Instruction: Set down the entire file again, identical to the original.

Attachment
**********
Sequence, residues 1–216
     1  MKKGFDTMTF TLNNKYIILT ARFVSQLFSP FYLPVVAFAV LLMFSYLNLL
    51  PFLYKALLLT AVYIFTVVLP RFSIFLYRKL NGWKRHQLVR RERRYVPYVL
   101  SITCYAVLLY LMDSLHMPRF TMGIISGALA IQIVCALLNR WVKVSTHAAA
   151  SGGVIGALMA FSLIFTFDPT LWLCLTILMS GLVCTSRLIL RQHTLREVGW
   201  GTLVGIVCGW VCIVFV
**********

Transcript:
Sequence, residues 1–216
     1  MKKGFDTMTF TLNNKYIILT ARFVSQLFSP FYLPVVAFAV LLMFSYLNLL
    51  PFLYKALLLT AVYIFTVVLP RFSIFLYRKL NGWKRHQLVR RERRYVPYVL
   101  SITCYAVLLY LMDSLHMPRF TMGIISGALA IQIVCALLNR WVKVSTHAAA
   151  SGGVIGALMA FSLIFTFDPT LWLCLTILMS GLVCTSRLIL RQHTLREVGW
   201  GTLVGIVCGW VCIVFV